Jack Ruby Presents
The Black Foundation
Black Foundation in Dub
“When Jack [Ruby] finally turned to recording he did so at a junction in Reggae music. Gone were the days of sweet soulful Rock Steady; this was the militant seventies. Black Power and Rasta Themes were the order of the day.” – Chris Wilson, from the liner notes.
The reggae and dub charted on these two CDs is more Marcus Garvey than Martin Luther King Jr. It’s life affirming, but not in the contemplative, navel-gazing way; it’s in the take-charge-of-your-life-and-fight-the-forces-that-keep-you-down kind of way. I always thought that dub bass was so warm because it contained the love of Jah.
Jack Ruby was a producer that helped spread the consciousness of artists like Burning Spear, the Eagles, the Black Disciples, the Heptones, Justin Hinds and the Dominoes, amongst others. Jack Ruby Presents The Black Foundation compiles many tracks of the artists in his “stable” (as the liner notes refer to it). All of the tracks here are characterized by a strong horn presence and very socio-politically charged lyrics. As Keith Johnson of Foundation puts it, “No matter how the rhythm go, [Jack Ruby] always want to have good lyric conscious vibration.” Despite this, the most powerful track on the disc is the instrumental version of “Free Rhodesia” by Jack Ruby and the Black Disciples, with its triumphant horns and Lee “Scratch” Perry intro. This compilation is comprised heavily of previously unreleased tracks and versions, but there’s not a single moment on the compilation that doesn’t make me want to revel in the intrinsic nobility of this music.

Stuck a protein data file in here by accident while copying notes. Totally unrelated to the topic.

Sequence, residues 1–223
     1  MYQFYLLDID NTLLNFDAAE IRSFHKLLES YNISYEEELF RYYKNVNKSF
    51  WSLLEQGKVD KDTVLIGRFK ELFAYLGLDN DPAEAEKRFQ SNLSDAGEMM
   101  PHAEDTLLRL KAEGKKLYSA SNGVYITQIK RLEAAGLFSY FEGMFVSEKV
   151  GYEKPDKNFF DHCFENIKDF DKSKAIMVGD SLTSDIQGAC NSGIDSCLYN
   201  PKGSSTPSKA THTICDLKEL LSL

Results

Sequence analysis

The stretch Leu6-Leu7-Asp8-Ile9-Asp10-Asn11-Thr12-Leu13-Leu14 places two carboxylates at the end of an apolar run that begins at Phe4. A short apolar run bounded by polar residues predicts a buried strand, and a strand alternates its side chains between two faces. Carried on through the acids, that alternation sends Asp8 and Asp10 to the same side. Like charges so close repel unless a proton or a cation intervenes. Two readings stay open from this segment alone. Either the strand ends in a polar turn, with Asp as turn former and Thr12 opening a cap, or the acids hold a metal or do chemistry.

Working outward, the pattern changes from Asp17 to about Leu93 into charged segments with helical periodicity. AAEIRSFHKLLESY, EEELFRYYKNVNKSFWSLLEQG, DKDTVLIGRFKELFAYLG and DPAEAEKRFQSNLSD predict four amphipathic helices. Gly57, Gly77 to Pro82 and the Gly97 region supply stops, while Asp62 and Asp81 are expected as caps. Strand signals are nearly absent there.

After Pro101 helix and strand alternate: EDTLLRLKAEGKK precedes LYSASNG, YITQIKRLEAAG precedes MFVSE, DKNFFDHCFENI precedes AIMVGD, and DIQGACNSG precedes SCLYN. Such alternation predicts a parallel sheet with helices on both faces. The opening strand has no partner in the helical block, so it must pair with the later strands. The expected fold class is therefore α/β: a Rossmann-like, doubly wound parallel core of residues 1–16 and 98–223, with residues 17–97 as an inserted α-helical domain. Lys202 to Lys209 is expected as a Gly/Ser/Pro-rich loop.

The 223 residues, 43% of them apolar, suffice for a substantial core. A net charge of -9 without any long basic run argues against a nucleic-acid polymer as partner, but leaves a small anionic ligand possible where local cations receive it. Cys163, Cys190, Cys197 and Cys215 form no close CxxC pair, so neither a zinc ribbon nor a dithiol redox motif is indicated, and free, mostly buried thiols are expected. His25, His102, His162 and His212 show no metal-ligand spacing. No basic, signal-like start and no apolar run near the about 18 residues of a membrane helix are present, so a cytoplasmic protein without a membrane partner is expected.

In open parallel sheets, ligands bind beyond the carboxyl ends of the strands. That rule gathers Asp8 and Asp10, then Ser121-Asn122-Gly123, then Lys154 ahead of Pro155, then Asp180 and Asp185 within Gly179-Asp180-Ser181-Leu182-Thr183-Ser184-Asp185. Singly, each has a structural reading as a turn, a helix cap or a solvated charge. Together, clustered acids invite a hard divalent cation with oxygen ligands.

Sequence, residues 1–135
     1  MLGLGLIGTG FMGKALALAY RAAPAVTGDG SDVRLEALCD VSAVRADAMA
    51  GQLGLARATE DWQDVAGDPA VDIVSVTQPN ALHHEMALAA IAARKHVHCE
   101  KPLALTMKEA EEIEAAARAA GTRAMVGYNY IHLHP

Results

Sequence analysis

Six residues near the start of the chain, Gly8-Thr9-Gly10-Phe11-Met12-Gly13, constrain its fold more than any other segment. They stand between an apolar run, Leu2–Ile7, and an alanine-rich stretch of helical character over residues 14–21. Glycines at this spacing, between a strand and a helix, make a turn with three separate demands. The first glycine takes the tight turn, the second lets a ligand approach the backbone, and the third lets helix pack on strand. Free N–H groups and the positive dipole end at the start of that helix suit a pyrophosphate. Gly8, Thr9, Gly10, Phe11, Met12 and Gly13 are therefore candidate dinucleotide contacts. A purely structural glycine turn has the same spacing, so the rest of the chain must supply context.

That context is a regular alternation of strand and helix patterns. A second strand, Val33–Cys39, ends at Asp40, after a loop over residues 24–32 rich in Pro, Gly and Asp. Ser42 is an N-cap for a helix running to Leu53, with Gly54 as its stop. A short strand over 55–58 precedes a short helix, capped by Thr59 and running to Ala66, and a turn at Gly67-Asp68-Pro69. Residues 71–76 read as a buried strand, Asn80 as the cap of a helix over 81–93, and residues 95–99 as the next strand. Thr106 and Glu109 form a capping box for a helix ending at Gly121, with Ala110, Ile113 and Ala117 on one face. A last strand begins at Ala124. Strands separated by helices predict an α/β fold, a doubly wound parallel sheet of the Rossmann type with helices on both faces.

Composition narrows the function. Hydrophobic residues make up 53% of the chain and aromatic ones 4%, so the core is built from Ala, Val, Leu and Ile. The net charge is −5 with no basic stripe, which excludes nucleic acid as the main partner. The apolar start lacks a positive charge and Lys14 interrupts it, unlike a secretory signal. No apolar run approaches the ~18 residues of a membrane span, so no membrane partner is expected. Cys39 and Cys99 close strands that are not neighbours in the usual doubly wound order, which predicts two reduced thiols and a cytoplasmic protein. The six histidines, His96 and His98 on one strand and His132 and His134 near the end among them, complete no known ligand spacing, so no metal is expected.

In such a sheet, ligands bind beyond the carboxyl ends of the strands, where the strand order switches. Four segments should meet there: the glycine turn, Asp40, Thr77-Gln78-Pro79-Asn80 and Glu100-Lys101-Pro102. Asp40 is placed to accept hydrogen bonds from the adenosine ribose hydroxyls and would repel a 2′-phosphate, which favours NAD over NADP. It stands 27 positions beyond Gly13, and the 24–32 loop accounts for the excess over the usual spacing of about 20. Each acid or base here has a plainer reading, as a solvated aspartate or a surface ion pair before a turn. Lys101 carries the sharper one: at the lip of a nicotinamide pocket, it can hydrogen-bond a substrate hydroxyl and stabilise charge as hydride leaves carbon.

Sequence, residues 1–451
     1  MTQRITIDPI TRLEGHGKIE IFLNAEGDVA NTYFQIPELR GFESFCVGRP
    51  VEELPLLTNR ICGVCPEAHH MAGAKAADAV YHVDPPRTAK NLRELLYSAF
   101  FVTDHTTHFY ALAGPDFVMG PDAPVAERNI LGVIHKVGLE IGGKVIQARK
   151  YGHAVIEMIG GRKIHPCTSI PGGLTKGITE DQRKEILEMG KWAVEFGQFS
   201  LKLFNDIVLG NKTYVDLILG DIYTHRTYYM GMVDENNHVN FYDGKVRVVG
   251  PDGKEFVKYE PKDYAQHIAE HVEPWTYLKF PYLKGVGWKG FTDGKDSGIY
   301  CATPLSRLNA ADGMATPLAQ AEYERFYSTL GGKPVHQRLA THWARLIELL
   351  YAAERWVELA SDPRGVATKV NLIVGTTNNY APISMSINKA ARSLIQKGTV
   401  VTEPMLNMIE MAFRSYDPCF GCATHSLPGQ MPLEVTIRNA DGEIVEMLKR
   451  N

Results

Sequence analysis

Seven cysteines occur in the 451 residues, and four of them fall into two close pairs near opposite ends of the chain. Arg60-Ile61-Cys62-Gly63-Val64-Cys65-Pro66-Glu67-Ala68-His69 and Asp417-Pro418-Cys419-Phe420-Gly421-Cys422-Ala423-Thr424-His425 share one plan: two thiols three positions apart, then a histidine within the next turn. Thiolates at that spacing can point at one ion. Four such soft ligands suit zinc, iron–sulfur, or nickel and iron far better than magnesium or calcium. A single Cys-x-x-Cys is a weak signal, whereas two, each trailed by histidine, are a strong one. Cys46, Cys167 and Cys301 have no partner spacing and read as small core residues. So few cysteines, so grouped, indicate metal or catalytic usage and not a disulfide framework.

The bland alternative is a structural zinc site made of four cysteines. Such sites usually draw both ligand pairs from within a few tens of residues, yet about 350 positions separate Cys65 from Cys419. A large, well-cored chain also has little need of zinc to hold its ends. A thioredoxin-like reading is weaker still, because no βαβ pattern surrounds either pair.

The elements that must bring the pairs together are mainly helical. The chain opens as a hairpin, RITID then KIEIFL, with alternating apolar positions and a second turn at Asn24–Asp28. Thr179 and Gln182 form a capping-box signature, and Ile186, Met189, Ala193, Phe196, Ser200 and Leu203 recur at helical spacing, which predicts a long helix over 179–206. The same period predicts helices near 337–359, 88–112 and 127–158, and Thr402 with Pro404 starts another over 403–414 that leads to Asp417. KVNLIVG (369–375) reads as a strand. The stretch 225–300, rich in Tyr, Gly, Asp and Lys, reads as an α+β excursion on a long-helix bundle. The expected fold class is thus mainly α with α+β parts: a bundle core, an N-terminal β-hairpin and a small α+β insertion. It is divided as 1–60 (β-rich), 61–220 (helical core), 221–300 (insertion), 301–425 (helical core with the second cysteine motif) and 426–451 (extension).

Dub is reggae’s decentralized manifestation. King Tubby, Errol Thompson, King Tubby, Sylvan Morris, and Chris Wilson. These engineers took the rigid, upstanding songs and transformed them into hazy, liquidous tracks using disorienting echo, delay and dropouts. King Tubby’s dubs are distinctive; every time I hear one, I want to melt into my chair. The dubs and the original tracks are so intertwined that I’m surprised that Heartbeat didn’t release both of these as a double CD. Regardless, for anyone with any sort of interest in this style, both of these are as essential as they come.
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